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Wednesday, 19 March 2014

Computational analysis of Canary Song to define the order and structure of the birdsong: Free Access PLoS Computational Biology paper

Long-range Order in Canary Song

PLoS Comput Biol. 2013;9(5):e1003052. doi: 10.1371/journal.pcbi.1003052. Epub 2013 May 2.

Jeffrey E. Markowitz
Department of Cognitive and Neural Systems, Boston University, Boston, Massachusetts, United States of America
Jeffrey E. Markowitz, Timothy J. Gardner
Center of Excellence for Learning in Education, Science and Technology, Boston, Massachusetts, United States of America
Elizabeth Ivie, Laura Kligler, Timothy J. Gardner
Department of Biology, Boston University, Boston, Massachusetts, United States of America

Bird songs range in form from the simple notes of a Chipping Sparrow to the rich performance of the nightingale. Non-adjacent correlations can be found in the syntax of some birdsongs, indicating that the choice of what to sing next is determined not only by the current syllable, but also by previous syllables sung. Here we examine the song of the domesticated canary, a complex singer whose song consists of syllables, grouped into phrases that are arranged in flexible sequences. Phrases are defined by a fundamental time-scale that is independent of the underlying syllable duration. We show that the ordering of phrases is governed by long-range rules: the choice of what phrase to sing next in a given context depends on the history of the song, and for some syllables, highly specific rules produce correlations in song over timescales of up to ten seconds. The neural basis of these long-range correlations may provide insight into how complex behaviors are assembled from more elementary, stereotyped modules.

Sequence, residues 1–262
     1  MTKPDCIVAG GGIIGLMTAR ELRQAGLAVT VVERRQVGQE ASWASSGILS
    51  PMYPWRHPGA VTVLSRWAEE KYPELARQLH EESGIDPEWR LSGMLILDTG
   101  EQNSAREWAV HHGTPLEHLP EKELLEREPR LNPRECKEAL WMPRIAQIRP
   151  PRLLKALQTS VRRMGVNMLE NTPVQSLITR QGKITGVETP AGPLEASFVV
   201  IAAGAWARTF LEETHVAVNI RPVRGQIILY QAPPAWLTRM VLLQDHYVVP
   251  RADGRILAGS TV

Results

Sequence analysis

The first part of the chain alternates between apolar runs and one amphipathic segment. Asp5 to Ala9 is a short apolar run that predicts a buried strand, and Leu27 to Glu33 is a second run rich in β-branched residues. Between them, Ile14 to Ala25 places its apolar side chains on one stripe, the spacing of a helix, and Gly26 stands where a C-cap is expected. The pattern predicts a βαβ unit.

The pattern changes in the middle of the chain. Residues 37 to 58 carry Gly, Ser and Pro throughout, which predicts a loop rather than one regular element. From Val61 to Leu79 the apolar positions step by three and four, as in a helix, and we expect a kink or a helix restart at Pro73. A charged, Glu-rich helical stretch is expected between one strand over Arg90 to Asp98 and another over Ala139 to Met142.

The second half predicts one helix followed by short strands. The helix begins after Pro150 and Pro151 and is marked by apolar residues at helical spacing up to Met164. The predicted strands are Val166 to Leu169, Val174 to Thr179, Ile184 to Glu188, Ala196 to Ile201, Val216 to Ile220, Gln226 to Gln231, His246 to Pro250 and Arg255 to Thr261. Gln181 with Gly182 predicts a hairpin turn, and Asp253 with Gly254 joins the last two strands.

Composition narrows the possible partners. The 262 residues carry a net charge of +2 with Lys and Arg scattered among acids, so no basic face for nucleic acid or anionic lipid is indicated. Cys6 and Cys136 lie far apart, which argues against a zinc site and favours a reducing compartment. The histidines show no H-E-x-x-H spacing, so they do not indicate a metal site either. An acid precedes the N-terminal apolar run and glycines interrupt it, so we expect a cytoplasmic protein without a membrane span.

Author Summary
Bird songs range in form from the simple notes of a Chipping Sparrow to the complex repertoire of the nightingale. Recent studies suggest that bird songs may contain non-adjacent dependencies where the choice of what to sing next depends on the history of what has already been produced. However, the complexity of these rules has not been examined statistically for the most elaborate avian singers. Here we show that one complex singer—the domesticated canary—produces a song that is strongly influenced by long-range rules. The choice of how long to repeat a given note or which note to choose next depends on the history of the song, and these dependencies span intervals of time much longer than previously assumed for birdsong. Like most forms of human music, the songs of canaries contain patterns expressed over long timescales, governed by rules that apply to multiple levels of a temporal hierarchy. This vocal complexity provides a valuable model to examine how ordered behaviors are assembled from more elementary neural components in a relatively simple neural circuit.

Example Figure
FIGURE 1: Sonograms show a relationship between phrase duration, the context of a phrase, and future choices.
Phrases consist of repetitions of elementary units—the syllables. Distinct phrase types are indicated by colored bars beneath each sonogram. On the right side of each sonogram is a “barcode” summary of all occurrences of the phrases shown in the sonograms. The phrases before (left) and after (right) the gray phrase are color-coded by syllable identity, and the length of the bars in each row indicates duration of the phrase. A square flanks each barcode to indicate the scale, with the width corresponding to 2 seconds and the height to 20 trials. A, A case where the duration of a phrase predicts the future path—the barcode is sorted by duration of the black phrase. Short black bars on the bottom of the barcode typically lead to blue, while long black bars at the top typically lead to green. B, A case where the identity of the starting phrase (red, yellow, or purple) determines which phrase type comes after the black/gray phrase (green or magenta for example.) The barcode in this panel is sorted by the phrase that comes before the black/gray phrase.

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